oh - i almost forgot my favorite thing - i can't remember its name, but there is a dessert that i can best describe as a soup of white things. the broth is white (coconut milk), there are clear tapiocas, some white translucent jelly candy like stuff and some sticky rice. sounds odd, but it is so good. i don't even like desserts usually. their desserts are definitely some of the weirdest around. the entire menu is full of stuff that makes me scratch my head and wonder.

                  1 Reply
                  1. re: rabidog
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                    Steve RE: rabidog Mar 17, 2009 09:32 PM

                    If you go to Myanmar (the restaurant in Falls Church), definitely do a search on the DC board for recs. Nothing they serve is like Thai food.

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                    berbadeerface RE: Steve Mar 18, 2009 08:24 AM

                    You must order the spicy fried lentil fritter appetizer. And also the tea leaf salad. Job done!

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                      PhillyA RE: Steve Mar 18, 2009 10:18 AM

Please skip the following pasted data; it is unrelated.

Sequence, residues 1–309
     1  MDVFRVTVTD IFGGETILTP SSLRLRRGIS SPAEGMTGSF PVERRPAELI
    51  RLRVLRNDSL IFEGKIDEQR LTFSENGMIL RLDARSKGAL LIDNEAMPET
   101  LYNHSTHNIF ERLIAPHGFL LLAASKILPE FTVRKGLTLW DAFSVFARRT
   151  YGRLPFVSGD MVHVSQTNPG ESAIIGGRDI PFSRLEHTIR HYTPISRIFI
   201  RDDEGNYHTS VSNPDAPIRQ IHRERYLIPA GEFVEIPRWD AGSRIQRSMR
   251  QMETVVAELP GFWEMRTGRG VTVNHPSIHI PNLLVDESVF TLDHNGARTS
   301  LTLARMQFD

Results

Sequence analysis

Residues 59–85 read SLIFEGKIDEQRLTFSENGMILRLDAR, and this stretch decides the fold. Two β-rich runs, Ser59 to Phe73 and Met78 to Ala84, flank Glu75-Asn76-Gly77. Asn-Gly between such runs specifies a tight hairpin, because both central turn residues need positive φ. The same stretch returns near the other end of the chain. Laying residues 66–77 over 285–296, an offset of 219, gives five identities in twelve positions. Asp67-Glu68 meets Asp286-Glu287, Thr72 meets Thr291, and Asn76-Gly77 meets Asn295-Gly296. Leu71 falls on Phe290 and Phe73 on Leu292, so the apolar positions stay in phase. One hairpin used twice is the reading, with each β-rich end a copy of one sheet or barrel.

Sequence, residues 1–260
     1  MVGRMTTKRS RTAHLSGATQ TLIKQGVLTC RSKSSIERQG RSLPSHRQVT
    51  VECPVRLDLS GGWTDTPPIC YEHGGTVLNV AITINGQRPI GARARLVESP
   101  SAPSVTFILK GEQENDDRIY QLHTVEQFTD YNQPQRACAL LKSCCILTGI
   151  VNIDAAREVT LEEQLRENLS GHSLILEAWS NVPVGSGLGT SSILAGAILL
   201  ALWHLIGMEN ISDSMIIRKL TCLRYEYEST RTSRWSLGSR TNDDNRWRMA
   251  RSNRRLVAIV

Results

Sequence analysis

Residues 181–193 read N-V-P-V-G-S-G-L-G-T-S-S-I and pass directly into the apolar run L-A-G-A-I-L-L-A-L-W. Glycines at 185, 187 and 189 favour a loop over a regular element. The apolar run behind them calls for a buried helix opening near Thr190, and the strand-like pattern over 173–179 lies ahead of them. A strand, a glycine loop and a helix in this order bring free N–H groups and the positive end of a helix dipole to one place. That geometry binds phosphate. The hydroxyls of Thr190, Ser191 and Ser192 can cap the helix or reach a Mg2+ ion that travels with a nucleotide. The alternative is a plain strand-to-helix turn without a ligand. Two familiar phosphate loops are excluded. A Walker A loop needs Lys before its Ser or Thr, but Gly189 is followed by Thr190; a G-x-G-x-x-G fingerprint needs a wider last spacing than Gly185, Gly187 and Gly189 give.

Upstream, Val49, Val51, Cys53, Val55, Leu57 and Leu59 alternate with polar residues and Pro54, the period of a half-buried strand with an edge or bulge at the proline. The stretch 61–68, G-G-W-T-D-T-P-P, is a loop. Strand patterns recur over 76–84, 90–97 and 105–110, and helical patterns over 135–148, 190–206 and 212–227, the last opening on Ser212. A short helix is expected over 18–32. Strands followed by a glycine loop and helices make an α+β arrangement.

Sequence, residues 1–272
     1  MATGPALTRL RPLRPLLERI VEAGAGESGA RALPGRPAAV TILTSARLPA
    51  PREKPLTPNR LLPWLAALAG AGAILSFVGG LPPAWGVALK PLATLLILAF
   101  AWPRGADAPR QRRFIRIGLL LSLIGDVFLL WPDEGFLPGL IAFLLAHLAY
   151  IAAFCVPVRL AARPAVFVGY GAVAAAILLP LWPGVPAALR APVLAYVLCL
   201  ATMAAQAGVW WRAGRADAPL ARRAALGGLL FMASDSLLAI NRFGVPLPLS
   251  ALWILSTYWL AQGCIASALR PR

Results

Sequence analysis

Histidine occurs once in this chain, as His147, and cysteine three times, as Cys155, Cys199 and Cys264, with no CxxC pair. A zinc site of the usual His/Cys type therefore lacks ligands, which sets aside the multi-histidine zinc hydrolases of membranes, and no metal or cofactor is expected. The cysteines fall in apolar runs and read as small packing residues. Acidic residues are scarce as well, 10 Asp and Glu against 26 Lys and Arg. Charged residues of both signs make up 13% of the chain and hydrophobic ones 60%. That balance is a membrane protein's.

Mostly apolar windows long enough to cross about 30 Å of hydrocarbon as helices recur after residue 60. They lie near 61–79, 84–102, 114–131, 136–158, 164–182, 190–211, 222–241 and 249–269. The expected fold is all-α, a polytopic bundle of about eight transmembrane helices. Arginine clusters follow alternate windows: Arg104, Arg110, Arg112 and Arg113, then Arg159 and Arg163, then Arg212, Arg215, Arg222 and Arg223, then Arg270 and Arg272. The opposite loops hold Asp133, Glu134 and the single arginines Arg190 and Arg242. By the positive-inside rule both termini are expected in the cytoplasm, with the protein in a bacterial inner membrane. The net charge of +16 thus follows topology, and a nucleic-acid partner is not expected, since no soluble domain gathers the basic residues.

I like everything at Rangoon but a few things I always go back to...

                      The Coconut Galanga soup (be warned, NOT like thai tom kha, it's much thicker & sweeter).

                      The Jungle Chicken (also rather sweet, which I know some people don't like). I NEVER think anything is hot, but when I requested a lot of extra heat on this, they did a nice job with it.

                      The thousand layer bread is, as everyone has said, amazing.

                      1. s
                        Steve RE: Steve Mar 22, 2009 09:13 AM

                        Thanks everyone for your recommendations. I had a flat-out terrific meal at Rangoon.

                        I started with the Thousand Layer Bread with the Curry Potato Dip. This is a basic fry bread served hot and oily with a pitch perfect bowl of potato curry. Nothing could be more delicious.